Afif Tabsh, PMP, CBAP
Consultant & Trainer at CMCS – Cofounder & President at Aie Serve
1. What is the start-up story behind your business venture?
Aie Serve, a youth-based organization, was founded on February 23rd, 2007 with the vision of spreading love, respect and acceptance.
The word “Aie” is a Japanese word pronounced as “I” and means “Love”, so the name of NGO is Love to Serve or I Serve…others.
The idea came due to the aftermath of July War on Lebanon and the sharp polarization of the Lebanese youth. A group of friends started brainstorming ways of tackling this issue and agreed that the 3 basic values that are missing in Lebanon are Respect, Acceptance and Love. Loving others for who they are, and not which political background or sect they are from, respecting others’ point of views and beliefs no matter what, and accepting differences and considering them the seeds of diversity.
Afterwards, t¬¬he group started gathering more ideas and people and tried to organize themselves little at a time while focusing on serving their surrounding and society at large.
Aie Serve evolved from a group of friends, to a group of community service minded people, to a team and an organization.
2. What’s the best thing about being an entrepreneur? What is the most
difficult thing about it?
The best thing about being a social entrepreneur is the fact that you truly have nothing to inhibit you, nothing to stand in your way and tell you what works and what doesn’t…so you actually have the liberty to try things out and see for yourself.
Now the hard part about it, is getting cofounders, supporters and people to believe in what you do. Once that is done, it will be about continuously investing time and effort in managing the stakeholder’s expectations and engagement while innovating, managing, leading and implementing.
3. What’s the most important thing you’ve learned about yourself being an
I tend to be an over controlling person, I like to intervene in every single detail of everything. But that was the same thing that made me face alot of problems and taught me that I cannot grow until I learn to trust others, delegate work for them and give them ownership of their roles.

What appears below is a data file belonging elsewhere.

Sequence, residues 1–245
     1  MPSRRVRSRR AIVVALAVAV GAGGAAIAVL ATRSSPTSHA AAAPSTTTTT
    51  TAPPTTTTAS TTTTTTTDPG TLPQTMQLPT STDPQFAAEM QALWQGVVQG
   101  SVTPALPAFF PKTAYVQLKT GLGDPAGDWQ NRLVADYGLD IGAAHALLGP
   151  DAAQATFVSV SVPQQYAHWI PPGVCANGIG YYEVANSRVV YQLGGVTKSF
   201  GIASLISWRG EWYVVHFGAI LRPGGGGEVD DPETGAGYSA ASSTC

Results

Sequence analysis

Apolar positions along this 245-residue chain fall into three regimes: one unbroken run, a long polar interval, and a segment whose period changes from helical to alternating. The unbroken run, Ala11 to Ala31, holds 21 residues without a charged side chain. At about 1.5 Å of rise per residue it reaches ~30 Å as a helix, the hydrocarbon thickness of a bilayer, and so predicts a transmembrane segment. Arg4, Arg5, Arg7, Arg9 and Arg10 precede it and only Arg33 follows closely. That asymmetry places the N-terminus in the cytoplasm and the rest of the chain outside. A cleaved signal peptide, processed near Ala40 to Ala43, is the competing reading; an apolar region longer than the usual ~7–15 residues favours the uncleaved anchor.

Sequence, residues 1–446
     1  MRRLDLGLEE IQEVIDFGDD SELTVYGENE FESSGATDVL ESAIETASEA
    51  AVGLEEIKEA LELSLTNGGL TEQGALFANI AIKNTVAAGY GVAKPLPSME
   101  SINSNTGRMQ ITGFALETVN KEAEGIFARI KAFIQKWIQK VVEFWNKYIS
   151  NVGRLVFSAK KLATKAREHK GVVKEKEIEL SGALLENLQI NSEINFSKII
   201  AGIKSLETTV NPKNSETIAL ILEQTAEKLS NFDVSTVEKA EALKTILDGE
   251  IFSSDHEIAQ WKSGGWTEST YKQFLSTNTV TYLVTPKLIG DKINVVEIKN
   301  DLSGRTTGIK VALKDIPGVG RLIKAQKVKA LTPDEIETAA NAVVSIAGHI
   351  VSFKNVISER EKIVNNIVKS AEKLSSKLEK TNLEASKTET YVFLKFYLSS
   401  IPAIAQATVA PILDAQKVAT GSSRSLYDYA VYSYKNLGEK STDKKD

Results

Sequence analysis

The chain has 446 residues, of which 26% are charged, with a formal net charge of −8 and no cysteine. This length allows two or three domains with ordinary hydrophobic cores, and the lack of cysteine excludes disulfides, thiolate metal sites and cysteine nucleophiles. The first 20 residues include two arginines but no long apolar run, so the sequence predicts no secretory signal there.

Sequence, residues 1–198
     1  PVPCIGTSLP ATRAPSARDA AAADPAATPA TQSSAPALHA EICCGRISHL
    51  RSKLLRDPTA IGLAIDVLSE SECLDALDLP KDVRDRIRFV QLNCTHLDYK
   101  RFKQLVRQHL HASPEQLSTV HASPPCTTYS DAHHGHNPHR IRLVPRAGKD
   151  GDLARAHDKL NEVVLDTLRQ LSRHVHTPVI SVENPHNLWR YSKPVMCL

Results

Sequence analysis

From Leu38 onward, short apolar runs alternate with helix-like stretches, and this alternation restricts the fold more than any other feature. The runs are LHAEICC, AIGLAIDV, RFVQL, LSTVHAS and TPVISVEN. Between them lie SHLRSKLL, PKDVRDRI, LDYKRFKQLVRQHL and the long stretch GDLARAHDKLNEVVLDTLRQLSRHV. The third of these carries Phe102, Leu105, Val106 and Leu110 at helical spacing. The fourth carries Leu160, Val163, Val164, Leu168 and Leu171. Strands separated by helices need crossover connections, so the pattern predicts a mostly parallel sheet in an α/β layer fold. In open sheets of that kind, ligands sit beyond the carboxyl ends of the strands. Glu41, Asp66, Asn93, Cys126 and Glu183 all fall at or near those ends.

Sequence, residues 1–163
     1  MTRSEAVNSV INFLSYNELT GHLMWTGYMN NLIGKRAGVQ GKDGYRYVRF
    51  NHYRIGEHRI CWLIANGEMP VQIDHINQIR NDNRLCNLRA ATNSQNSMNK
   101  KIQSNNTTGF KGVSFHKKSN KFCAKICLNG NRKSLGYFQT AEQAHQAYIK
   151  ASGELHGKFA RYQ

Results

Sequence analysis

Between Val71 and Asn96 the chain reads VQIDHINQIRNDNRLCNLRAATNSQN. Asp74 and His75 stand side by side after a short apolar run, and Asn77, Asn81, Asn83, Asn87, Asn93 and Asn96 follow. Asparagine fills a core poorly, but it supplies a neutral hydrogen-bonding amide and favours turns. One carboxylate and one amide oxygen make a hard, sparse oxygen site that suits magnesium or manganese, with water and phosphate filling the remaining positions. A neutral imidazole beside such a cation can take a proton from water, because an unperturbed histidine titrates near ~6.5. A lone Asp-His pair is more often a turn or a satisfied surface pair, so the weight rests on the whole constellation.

Ever since I got to that realization, everything started fitting in place better, and growth is happening while it was being hindered originally by not only limited resources, but also my own way of doing things.
4. Describe/outline your typical day?
The beautiful part of my day that it is never typical. Each day is a whole new story, a whole new set of things. More importantly, my day is much longer and busier than the typical fellow round the corner. Days can literally last 24 hrs…several days at end…with full schedule all throughout.
5. What the most important lesson you’ve learned about sales and marketing?
You got to live, breath, think about your startup and be passionate about it… the actual sales and marketing you’ll do becomes built in…becomes part of you.
Moreover, utilizing online platforms, social media, and conferences/seminars/events are crucial to spread the word out both about yourself and about your new idea or enterprise or what not.
6. Do you define success in the same way that you did when you were just starting
Success for me is a very complex concept. I can be successful in creating something, but not quite at sustaining it. I can be successful in making a sale but not at getting a returning customer. I can be successful on business level but perishing on personal level. So I can’t really say I had a definition of success and it changed….it is just being developed and deepened…year by year.
7. What has been the greatest challenge in business and life – an external challenge
or an internal struggle? How did you overcome it?
My worst enemy has always been myself, I believe the same case if almost for everybody. It’s because we are the people who put barriers, excuses, reasons and limitations to what we can or cannot do.
Once we really learn to be at peace with our own selves, know our weaknesses, our strengths, and know how to manage them and control our urges while still benefiting from our spontaneity …that’s when we really overcome our own internal struggle…our own enemy.
8. What’s the toughest feedback you’ve ever received and how did you learn from
Never got any feedback that I considered tough…it’s always good to get someone to slap you (not literally ofcourse) and bring you back to the ground. The biggest problem a young successful entrepreneur can face is his/her own ego…. so once you accept the fact that nothing and no one is perfect, and no matter what we do there can be better…and that nothing we do will please everyone… the rest becomes easy.
9. What advice would you give if you could go back 20 years ago and meet
I’d tell myself “don’t change a thing…”
10. What advice would you give to people who are looking to start their own
I’d tell them: Just do it! 🙂
As Henry Ford once said “Whether you believe you can or cannot achieve something, you are right” so it is really us who determine what we can actually do…so if there is someone planning to start up a new project, a new NGO/ Social Enterprise or business…then go for it with full throttle ahead! (Oh and don’t forget to plan plan plan!)